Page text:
World climate hackathon launched

| 26th October 2018
Beach littered with plastics
The fourth 24-hour climate change hackathon is taking place simultaneously in major cities around the world.

The solutions to the climate crisis will be forged in cities, by citizens, start-ups, community groups, families and neighbours. 

London, Birmingham, Bangor, Coventry and Edinburgh will be among 115 cities around the world taking action on climate change today as part of  European Institute of Innovation and Technology (EIT) Climate-KIC’s annual Climathon. 

The event is an award-winning 24-hour hackathon that unites students, entrepreneurs, big thinkers, technical experts and app developers in tackling the defining climate challenges of their cities.

City-level action is needed to address climate change at speed and scale. Cities are already contributing over 70 percent of global carbon emissions and are growing rapidly, with 70 percent of the world’s population expected to live in cities by 2050. Together, cities hold the world’s biggest lever for slowing down global warming

Sustainable design

Teams hosted by local authorities, universities and NGOs from across the world including Rio de Janeiro, Cape Town, Sydney, Edinburgh and London will bring people together to solve local climate challenges – from sustainable food in Paris, to air pollution in Coventry, waste-management in Lagos, and smart mobility in Shanghai.

London teams will work on the problem of plastics. A major issue for the UK capital, attendees will be challenged to use sustainable design principles to help eliminate single-use plastic in London. A bold but achievable task.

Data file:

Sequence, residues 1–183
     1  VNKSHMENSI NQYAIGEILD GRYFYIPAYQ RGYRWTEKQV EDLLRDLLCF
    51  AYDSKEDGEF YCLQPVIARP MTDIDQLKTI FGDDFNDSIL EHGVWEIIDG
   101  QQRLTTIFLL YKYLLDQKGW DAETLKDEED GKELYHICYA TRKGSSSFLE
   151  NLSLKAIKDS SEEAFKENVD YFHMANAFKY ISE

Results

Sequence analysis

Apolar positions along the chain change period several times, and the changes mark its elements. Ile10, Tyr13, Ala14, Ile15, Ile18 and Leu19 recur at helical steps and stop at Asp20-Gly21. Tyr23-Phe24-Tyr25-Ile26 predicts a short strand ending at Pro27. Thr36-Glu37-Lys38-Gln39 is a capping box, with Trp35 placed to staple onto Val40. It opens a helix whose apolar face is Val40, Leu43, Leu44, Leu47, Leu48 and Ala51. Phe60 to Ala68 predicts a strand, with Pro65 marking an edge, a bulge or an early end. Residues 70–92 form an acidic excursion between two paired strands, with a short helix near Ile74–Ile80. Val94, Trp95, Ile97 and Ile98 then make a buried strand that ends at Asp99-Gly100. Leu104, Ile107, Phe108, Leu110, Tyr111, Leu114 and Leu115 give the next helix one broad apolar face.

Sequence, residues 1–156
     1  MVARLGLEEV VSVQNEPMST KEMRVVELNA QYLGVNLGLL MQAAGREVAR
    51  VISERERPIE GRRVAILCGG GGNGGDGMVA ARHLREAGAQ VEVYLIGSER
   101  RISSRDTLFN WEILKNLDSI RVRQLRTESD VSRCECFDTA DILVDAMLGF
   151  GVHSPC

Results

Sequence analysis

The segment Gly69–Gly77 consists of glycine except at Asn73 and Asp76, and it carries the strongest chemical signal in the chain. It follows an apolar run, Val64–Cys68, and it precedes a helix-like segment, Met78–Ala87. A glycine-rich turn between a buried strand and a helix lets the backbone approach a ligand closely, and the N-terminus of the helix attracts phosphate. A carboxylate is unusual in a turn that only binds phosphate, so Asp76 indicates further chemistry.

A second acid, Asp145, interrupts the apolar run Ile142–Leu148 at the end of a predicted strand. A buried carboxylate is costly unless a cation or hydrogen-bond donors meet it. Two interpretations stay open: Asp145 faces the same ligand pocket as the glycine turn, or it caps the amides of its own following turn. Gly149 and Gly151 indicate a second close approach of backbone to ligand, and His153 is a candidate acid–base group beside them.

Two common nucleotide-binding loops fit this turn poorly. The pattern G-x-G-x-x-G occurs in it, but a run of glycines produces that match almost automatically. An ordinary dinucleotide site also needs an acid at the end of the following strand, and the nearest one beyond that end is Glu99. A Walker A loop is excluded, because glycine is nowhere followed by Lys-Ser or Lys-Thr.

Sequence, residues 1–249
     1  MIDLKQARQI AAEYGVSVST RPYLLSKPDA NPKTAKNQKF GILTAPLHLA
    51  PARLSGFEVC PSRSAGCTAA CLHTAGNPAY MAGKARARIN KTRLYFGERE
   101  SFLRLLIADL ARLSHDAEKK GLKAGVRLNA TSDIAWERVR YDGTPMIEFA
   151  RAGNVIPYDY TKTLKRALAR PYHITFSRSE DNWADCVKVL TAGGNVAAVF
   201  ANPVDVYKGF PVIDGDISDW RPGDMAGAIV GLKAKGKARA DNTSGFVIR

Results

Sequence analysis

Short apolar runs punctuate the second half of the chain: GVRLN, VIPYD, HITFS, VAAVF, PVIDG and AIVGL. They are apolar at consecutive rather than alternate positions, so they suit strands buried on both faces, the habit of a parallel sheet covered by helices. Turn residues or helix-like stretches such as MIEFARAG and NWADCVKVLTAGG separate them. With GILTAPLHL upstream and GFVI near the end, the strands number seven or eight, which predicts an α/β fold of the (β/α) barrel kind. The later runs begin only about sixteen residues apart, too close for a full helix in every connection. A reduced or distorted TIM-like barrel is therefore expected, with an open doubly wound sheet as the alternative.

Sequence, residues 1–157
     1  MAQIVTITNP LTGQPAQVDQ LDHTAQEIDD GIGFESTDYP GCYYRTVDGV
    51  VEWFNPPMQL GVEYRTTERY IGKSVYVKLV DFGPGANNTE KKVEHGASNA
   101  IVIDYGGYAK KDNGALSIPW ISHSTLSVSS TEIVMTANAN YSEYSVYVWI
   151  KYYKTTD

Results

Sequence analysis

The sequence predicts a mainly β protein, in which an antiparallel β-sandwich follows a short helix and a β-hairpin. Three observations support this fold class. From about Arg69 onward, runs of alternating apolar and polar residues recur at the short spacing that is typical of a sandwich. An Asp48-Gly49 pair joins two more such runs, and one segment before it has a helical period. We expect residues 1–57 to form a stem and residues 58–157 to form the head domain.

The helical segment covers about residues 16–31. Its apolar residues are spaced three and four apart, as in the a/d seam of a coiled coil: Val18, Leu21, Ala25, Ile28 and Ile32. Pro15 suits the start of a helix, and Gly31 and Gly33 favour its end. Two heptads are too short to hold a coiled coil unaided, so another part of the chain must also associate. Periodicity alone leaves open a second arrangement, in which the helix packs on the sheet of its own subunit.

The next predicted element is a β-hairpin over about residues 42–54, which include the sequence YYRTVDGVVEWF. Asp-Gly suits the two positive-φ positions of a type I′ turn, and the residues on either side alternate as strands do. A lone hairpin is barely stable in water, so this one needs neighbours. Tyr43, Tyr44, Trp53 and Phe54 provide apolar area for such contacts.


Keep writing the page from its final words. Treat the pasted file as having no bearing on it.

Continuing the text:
Awareness is growing that unless we recast the role of plastics in our lives our seas will have more plastic than fish by 2050, which among other things, will reduce the ability of oceans to act as carbon sinks.

It is less well known that on current trajectories, petroleum-based plastics could contribute 15 per cent of global CO2 emissions by 2050 - overtaking aviation. Many businesses are looking at the opportunities that come with solving these problems. Up to 95 percent of material and energy value is lost in Europe, through single-use.

Climate-KIC already supports several London-based start-ups focused on plastics, including Skipping Rocks Lab, makers of the ubiquitous Ooho! seaweed-based water bottle ‘bubbles’ whose crowdfunding campaign went viral. The start-up has just teamed up with Just Eat to trial seaweed-based packaging for fast food packaging.

Innovative solutions

Another, Chrysalix Technologies, has developed a patented sustainable alternative to the petrochemicals that go into making plastics – a solution that has the potential to generate £25 billion of value for every 100M tonnes of unwanted, unrecycled waste wood that is used in their process.